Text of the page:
At the recent HIMSS18 conference, Google unveiled its new cloud healthcare API. This tool will help healthcare providers and healthtech companies collect and manage various types of medical data – including EHR data, administrative reporting data, and imaging data – via the cloud and is purportedly designed to address the significant interoperability challenges in healthcare data.
Google Cloud, not unlike other public cloud providers, is finding ways to differentiate in the competitive cloud market. Google is betting that, if healthcare data can be aggregated and easily accessible, companies will be better able to leverage this data to launch new analytics and machine learning projects. The upside is that this capability will open the door to identifying new trends, patterns, and insights that could significantly improve patient care and patient outcomes.
Interoperability is expected to pose a continued challenge throughout 2018 (and beyond) - Google’s healthcare API may help enable a more seamless healthcare data exchange.
“Our goal with the Cloud Healthcare API is to help transform the healthcare industry through the use of cloud technologies and machine learning. Healthcare is increasingly moving to the cloud, and the adoption of machine learning will allow the industry to unlock insights that can lead to significant clinical improvements for patients.”
What kinds of improvements to patient care is Google referring to? Here are just a few examples of machine learning projects impacting patient care:
DVmobile has deep expertise in the healthcare market – developing healthcare solutions for the cloud and partnering with industry leaders to keep pace with healthcare industry standards (including those around data). For more information about how we can help your organization contact us through the button below, or read more on our Healthcare Industry portal.
SAFe SPC4 certified consultant, proud dad, and former CU Buffs lineman.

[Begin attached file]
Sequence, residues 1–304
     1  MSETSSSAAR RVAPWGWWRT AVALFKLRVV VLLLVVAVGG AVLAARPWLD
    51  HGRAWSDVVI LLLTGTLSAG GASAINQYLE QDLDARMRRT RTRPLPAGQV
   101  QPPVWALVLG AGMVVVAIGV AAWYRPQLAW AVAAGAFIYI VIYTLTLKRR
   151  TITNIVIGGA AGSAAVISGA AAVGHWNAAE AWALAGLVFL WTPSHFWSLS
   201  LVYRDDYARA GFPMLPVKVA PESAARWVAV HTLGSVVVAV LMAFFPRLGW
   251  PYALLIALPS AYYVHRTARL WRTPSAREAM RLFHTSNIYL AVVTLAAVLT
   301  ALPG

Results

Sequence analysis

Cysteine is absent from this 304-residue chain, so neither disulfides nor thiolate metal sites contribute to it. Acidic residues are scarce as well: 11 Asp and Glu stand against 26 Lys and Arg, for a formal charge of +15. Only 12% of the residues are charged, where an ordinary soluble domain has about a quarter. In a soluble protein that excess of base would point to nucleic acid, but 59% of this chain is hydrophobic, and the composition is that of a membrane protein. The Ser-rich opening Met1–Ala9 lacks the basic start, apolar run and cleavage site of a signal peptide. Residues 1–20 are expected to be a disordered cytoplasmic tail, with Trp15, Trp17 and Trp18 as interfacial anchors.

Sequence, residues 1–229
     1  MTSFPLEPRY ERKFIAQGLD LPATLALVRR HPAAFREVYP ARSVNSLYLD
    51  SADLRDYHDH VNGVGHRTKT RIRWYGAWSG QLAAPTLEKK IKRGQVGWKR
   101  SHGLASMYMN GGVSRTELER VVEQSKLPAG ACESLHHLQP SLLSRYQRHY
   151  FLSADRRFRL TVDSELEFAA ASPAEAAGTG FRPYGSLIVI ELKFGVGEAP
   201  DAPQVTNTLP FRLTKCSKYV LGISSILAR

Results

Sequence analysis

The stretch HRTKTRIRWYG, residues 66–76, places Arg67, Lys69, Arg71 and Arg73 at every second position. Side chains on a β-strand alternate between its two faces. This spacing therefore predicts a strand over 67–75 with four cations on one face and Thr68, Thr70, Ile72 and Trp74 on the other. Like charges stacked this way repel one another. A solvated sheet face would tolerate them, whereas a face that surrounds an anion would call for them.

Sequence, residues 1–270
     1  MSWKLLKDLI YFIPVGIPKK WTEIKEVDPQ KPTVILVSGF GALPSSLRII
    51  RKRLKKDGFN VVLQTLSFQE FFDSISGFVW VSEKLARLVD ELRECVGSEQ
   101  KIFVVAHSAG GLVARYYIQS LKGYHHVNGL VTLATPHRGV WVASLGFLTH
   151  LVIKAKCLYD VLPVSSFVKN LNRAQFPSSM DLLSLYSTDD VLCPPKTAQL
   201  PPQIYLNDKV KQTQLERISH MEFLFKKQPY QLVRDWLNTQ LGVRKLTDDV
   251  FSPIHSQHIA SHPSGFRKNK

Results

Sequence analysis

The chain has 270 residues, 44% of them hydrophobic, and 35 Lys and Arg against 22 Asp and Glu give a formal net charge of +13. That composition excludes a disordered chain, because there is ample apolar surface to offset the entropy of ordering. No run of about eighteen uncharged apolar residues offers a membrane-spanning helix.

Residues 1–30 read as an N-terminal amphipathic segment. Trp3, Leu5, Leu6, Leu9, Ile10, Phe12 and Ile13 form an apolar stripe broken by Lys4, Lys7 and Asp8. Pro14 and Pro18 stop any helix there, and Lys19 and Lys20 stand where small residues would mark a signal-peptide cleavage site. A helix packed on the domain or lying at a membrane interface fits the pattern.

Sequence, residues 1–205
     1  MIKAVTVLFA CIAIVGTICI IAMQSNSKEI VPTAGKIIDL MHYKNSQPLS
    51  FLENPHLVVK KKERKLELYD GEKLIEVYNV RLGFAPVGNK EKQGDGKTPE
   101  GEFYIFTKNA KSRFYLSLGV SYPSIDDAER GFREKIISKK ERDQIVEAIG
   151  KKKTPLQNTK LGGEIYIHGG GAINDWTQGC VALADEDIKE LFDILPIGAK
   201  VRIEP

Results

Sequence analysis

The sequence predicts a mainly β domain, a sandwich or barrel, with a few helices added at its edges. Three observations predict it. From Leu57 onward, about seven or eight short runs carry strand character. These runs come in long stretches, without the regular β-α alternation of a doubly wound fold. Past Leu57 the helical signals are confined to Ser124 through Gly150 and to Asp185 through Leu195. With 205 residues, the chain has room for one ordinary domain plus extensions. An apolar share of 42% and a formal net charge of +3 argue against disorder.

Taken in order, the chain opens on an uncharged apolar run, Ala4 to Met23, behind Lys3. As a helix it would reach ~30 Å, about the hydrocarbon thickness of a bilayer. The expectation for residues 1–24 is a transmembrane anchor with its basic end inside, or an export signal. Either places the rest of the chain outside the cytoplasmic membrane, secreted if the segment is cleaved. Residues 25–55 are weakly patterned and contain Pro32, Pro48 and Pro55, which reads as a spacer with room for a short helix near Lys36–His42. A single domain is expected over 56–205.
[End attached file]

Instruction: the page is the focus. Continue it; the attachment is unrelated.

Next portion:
Healthcare technology has celebrated major advancement over the last 20 years. From needle-free injection technology to laparoscopic surgery to bionic limbs, technology has advanced medicine in new and exciting ways.
While much of the technology has changed over the past two decades, one thing has remained the same: 21 CFR Part 11. 21 Code of Federal Regulations (CFR) Part 11 is the FDA’s law for how regulated drug makers, medical device manufacturers, biotech companies, and others must treat electronic records and electronic signatures. And since 1997, FDA-regulated companies have struggled to remain compliant with 21 CFR Part 11, as they advance their technology capabilities and electronic processes to remain competitive and cutting-edge.
Now, as technology embarks on its newest frontier — Cloud-based solutions and infrastructure — FDA-regulated companies will be forced to reconsider validation, security and output from the Cloud that will stand up to the rigor of regulators. While software solutions can provide essential validation, workflow, and archiving services, this is far from a complete picture. Drug and healthcare device companies will have to again adjust their thinking to keep up with emerging technology.
DVmobile is a trusted partner for healthcare organizations and has deep experience helping companies develop HIPAA-compliant SaaS, PaaS and Cloud-based solutions that take into account 21 CFR Part 11. To learn more about how we do it, contact us.
Marketing Strategist, busy mama & blogger extraordinaire